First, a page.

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Weidman, Hazel Hitson, 1923-. Hazel Hitson Weidman papers, 1955-1991 and undated: A Finding Aid

Peabody Museum of Archaeology and Ethnology Archives, Harvard University


Harvard University

© President and Fellows of Harvard College

Descriptive Summary

Location: Havard Depository
Call No.: 2000.14
Repository: Peabody Museum of Archaeology and Ethnology Archives, Harvard University
Creator: Weidman, Hazel Hitson
Title: Hazel Hitson Weidman papers,
Date(s): 1955-1991 and undated.
Quantity: 1 collection (11.7 linear feet (8 cartons, 1 box)
Language of materials: English

Immediate Source of Acquisition:

The Hazel Marie Hitson Weidman Papers were donated to the museum archives by Dr. Weidman in April 2000.

Processed by:

Richard Lesage 2001 February.

Related Materials

Society for Medical Anthropology Records (Hazel Weidman Papers), mq113385; mq113250 National Anthropology Archives (Smithsonian Institution).

Biographical / Historical

Hazel Marie Hitson Weidman was born on August 3, 1923 in Taft, CA. She worked in medical settings prior to receiving an undergraduate degree in social anthropology from Northwestern University in 1951, and for a short while thereafter. She pursued her graduate studies at Harvard's Radcliffe College from 1956 to 1959. Convinced that the anthropological perspective would be helpful in understanding medical structures and health care processes, Hazel Weidman enrolled in the graduate program in the Department of Social Relations, from which she obtained a Ph.D. in 1959. Based on her own field research, the dissertation was entitled "Family patterns and paranoidal personality structure in Boston and Burma."
From 1959 through 1964, Weidman worked for various federal, state and local medical service agencies. Her statewide study of the tuberculosis control system in Massachusetts, jointly conducted with her husband Dr. William H. Weidman, provided the data for new tuberculosis control legislation. She also prepared position papers for the U.S. Public Health Services on the topic of "Public Health Goals in Metropolitan Areas" which took her into the complexities of hospital administration and staff training programs for Fresno County Hospital. Under the sponsorship of the state of California, Weidman developed a community-wide program for the protection of battered children.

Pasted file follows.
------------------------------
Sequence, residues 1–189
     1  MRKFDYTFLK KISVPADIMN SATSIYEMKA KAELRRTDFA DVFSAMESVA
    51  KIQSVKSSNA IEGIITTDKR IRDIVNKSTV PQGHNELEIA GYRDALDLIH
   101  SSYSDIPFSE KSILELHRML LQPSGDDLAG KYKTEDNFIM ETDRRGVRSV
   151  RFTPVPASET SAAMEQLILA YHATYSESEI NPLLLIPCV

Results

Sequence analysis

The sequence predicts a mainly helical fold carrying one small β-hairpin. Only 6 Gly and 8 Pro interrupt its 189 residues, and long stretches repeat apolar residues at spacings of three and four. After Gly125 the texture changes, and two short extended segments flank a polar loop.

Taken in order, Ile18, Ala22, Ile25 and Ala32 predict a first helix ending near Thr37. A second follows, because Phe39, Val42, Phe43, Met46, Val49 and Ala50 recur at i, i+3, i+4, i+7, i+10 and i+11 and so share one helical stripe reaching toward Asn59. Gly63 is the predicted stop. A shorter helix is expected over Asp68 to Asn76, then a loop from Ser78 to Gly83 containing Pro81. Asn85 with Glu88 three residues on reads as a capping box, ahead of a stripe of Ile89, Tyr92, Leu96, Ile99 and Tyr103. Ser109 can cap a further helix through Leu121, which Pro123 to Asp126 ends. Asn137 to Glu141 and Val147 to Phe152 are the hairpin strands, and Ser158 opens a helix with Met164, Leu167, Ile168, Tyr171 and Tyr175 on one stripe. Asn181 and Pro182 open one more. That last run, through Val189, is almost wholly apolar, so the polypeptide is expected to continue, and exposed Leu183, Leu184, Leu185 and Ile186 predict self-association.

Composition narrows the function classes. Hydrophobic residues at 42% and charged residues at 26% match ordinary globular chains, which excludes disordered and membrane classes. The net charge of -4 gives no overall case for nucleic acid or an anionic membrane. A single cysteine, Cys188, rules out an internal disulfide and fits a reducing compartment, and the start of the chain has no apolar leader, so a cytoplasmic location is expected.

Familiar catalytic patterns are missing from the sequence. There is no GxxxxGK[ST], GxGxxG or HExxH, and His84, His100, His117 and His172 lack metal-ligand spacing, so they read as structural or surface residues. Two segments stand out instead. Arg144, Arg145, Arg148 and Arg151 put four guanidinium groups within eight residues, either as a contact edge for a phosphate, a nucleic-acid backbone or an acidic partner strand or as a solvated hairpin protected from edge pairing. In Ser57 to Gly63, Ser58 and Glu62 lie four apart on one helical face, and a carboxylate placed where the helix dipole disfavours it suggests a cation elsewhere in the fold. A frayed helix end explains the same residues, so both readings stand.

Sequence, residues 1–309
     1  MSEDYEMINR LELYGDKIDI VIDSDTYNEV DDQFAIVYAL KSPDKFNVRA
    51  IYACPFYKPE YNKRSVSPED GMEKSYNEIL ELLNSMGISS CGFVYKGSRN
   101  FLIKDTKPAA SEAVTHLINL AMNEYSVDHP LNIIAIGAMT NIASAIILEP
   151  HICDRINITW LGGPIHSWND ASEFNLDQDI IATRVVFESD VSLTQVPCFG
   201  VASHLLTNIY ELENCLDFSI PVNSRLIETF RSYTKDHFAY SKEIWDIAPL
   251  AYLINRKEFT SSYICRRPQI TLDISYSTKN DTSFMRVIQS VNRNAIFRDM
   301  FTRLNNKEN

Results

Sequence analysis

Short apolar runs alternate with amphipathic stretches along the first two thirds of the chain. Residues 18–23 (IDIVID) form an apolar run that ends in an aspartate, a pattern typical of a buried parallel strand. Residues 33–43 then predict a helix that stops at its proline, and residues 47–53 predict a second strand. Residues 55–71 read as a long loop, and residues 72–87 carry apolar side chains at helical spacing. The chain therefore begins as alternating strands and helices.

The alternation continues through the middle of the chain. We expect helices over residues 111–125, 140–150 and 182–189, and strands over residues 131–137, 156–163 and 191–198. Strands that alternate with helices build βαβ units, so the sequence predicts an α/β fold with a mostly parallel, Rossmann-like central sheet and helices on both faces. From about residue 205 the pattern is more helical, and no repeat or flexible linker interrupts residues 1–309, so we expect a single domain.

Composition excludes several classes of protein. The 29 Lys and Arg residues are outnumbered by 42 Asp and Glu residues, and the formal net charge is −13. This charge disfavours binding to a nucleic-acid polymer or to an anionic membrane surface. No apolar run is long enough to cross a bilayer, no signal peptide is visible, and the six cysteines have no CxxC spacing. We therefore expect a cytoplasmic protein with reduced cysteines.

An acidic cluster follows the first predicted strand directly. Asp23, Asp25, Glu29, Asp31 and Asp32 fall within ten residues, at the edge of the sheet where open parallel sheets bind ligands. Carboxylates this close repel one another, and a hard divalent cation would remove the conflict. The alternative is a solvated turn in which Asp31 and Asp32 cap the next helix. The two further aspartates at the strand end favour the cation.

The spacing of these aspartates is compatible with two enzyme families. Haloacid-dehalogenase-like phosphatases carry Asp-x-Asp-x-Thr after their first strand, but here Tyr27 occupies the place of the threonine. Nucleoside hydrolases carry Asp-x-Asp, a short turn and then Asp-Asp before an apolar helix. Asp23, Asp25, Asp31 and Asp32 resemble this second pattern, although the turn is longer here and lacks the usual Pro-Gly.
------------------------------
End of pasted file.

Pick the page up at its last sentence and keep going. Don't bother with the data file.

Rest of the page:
Prompted by a need to establish closer ties with anthropologist colleagues and to consolidate her thinking about anthropology in relation to medicine, Hazel Weidman moved to the academe in 1964. She first taught social anthropology at the College of William and Mary, Williamsburg, VA (1964-1965), then at the University of Alabama Medical Center (1965-1967). She was also an associate research fellow at the Social Science Research Institute of the University of Hawaii (1967-1968). In 1968, Weidman joined the faculty of the University of Miami where she held teaching positions at both the Department of Anthropology, and the Department of Psychiatry in the School of Medicine until her retirement in 1990.
At the University of Miami, Weidman planned a community mental health program geared to the needs of the inner-city population of Miami. The goal of the program was to train the participants in attaining a transcultural perspective, thus becoming "culture brokers" in the delivery of delivery of health care to patients coming from multi-ethnic backgrounds. Similar programs led to the creation in 1981 of the Office of Transcultural Education and Research (O.T.E.R.), a resource center for people and organizations concerned about cultural beliefs and behaviors that might influence the management and outcome of health care to patients from a variety of cultural traditions.